BoE chief's call fuels recovery worries
Signs that Bank of England Governor Mervyn King is worried about the country's economic recovery rose on Wednesday as minutes of a recent policy meeting showed he wanted to pump out more new money than agreed.
King and two other BoE policymakers wanted the Bank of England to increase its so-called quantitative easing (QE) programme by 75 billion pounds at a meeting earlier this month.
However their plan was thwarted as the Monetary Policy Committee's other six members voted in favour of a proposal to increase QE by 50 billion pounds to a total of 175 billion pounds.
David Page, an economist for Investec banking group, described the 6-3 split and King's wish to increase QE to 200 billion pounds as "surprising" and partly "reflected an argument to err on the side of caution, but it also appeared to reflect some genuine doubts about ongoing growth prospects."
ING Bank economist James Knightley said it was only the third time that King had been outvoted since taking charge of the BoE in 2003.
He added that King's desire to raise the central bank's QE by 75 billion pounds when the market had expected an increase of only 25 billion pounds suggested that traders were "much more upbeat than the BoE is on recovery prospects".
While France, Germany and Japan have all emerged from recession, Britain remains stuck in negative growth as the number of unemployed people in the country rises towards three million.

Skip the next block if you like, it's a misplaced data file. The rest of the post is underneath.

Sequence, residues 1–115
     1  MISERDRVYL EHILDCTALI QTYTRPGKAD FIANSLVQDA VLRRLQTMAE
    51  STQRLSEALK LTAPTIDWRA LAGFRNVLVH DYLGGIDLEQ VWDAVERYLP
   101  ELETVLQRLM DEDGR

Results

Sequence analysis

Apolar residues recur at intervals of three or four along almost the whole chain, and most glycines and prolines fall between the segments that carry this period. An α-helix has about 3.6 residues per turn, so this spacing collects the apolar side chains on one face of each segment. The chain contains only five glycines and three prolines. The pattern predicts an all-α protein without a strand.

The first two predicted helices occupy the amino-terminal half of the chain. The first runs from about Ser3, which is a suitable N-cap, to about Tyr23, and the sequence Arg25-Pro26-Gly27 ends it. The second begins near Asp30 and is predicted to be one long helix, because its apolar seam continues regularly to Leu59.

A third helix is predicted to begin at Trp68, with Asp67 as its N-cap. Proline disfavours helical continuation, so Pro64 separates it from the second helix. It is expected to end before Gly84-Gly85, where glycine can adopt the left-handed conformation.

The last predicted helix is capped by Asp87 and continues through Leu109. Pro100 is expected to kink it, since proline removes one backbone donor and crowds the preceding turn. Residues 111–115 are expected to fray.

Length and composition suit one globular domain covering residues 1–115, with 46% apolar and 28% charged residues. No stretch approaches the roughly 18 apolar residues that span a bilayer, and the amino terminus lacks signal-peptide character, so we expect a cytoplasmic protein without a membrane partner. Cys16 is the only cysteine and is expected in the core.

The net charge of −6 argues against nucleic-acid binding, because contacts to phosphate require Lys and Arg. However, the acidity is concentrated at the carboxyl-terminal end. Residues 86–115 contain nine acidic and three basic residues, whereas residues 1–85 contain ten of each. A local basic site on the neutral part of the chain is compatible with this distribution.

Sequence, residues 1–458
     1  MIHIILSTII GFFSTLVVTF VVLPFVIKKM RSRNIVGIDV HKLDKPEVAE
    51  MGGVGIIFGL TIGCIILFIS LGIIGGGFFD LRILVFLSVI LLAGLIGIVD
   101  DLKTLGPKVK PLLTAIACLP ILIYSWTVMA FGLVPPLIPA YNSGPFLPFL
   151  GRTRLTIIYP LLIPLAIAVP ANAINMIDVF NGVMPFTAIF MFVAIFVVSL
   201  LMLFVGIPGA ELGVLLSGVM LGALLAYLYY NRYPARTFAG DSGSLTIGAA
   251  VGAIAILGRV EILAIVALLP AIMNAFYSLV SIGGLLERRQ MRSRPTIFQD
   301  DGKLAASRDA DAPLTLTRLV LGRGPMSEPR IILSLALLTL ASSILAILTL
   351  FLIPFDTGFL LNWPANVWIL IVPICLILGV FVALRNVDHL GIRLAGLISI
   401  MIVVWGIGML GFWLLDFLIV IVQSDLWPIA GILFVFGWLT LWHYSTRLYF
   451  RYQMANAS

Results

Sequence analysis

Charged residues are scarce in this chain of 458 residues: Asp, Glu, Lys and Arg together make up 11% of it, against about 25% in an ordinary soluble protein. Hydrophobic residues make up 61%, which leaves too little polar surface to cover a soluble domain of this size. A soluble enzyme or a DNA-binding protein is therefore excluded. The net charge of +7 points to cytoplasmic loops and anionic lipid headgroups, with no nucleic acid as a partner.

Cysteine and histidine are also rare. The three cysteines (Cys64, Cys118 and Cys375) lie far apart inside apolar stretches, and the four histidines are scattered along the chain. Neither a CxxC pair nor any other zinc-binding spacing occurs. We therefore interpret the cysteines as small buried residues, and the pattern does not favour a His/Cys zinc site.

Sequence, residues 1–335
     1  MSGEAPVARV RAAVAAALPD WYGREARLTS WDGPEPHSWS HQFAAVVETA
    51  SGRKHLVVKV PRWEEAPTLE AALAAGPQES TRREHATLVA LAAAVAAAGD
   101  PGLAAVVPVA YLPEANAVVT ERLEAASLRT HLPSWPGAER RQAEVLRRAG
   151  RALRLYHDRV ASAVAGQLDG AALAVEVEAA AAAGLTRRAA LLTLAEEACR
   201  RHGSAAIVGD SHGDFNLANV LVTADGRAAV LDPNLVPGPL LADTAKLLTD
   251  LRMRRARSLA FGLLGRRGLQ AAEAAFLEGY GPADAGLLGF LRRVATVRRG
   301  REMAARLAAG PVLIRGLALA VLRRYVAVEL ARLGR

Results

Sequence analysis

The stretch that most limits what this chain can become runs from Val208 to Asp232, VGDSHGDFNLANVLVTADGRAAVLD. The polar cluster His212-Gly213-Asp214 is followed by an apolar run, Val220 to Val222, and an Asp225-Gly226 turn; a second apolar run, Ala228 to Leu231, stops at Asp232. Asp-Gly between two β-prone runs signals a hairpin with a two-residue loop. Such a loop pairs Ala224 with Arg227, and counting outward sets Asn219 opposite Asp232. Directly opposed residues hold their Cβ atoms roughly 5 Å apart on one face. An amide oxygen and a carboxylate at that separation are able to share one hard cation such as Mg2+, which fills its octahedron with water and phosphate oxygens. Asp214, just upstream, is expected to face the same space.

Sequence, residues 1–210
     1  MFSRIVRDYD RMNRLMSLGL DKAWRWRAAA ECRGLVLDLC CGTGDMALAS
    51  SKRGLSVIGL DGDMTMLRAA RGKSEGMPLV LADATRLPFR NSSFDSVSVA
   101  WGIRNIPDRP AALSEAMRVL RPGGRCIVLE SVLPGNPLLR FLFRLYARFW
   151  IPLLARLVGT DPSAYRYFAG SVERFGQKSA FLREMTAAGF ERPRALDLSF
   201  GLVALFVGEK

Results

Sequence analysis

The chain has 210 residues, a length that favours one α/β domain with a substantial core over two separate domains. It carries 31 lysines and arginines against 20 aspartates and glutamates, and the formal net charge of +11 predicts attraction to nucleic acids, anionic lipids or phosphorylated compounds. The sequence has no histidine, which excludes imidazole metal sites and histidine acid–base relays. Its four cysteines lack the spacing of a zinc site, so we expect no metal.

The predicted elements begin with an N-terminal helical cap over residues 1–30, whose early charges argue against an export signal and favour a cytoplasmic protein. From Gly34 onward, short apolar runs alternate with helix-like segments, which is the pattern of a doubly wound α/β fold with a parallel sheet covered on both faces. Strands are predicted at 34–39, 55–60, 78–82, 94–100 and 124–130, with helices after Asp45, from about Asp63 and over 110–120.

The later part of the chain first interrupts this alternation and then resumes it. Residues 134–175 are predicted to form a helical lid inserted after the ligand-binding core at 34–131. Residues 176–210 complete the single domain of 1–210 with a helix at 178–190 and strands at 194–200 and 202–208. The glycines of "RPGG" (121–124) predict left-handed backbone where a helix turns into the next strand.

Also at the BoE's two-day meeting that ended on August 6, policymakers voted 9-0 to keep interest rates in Britain at a record low 0.5 percent.
The BoE has meanwhile ramped up its QE scheme -- whereby it buys bonds from commercial institutions -- to encourage lending by commercial banks.
Banks remain reluctant to lend to businesses and individuals because they want to build up their capital reserves, which have slumped on a surge in bad debts caused by the global financial crisis.
The Bank of England launched QE in March, when it also slashed borrowing costs to their all-time low 0.5 percent.
Its main task is to use monetary policy to try and keep annual inflation close to a government-set target of 2.0 percent, but the BoE has been forced into the exceptional policy of QE because of the downturn.
Inflation stabilised last month, official data showed on Tuesday, but economists warned that prices would fall further in the coming months.
Consumer Prices Index (CPI) annual inflation was unchanged at 1.8 percent in July from June but has fallen sharply since peaking at 5.2 percent last September.
The Bank of England last week forecast that the rate of 12-month inflation was set to fall under 1.0 percent this year as the local economy makes a slow recovery from recession.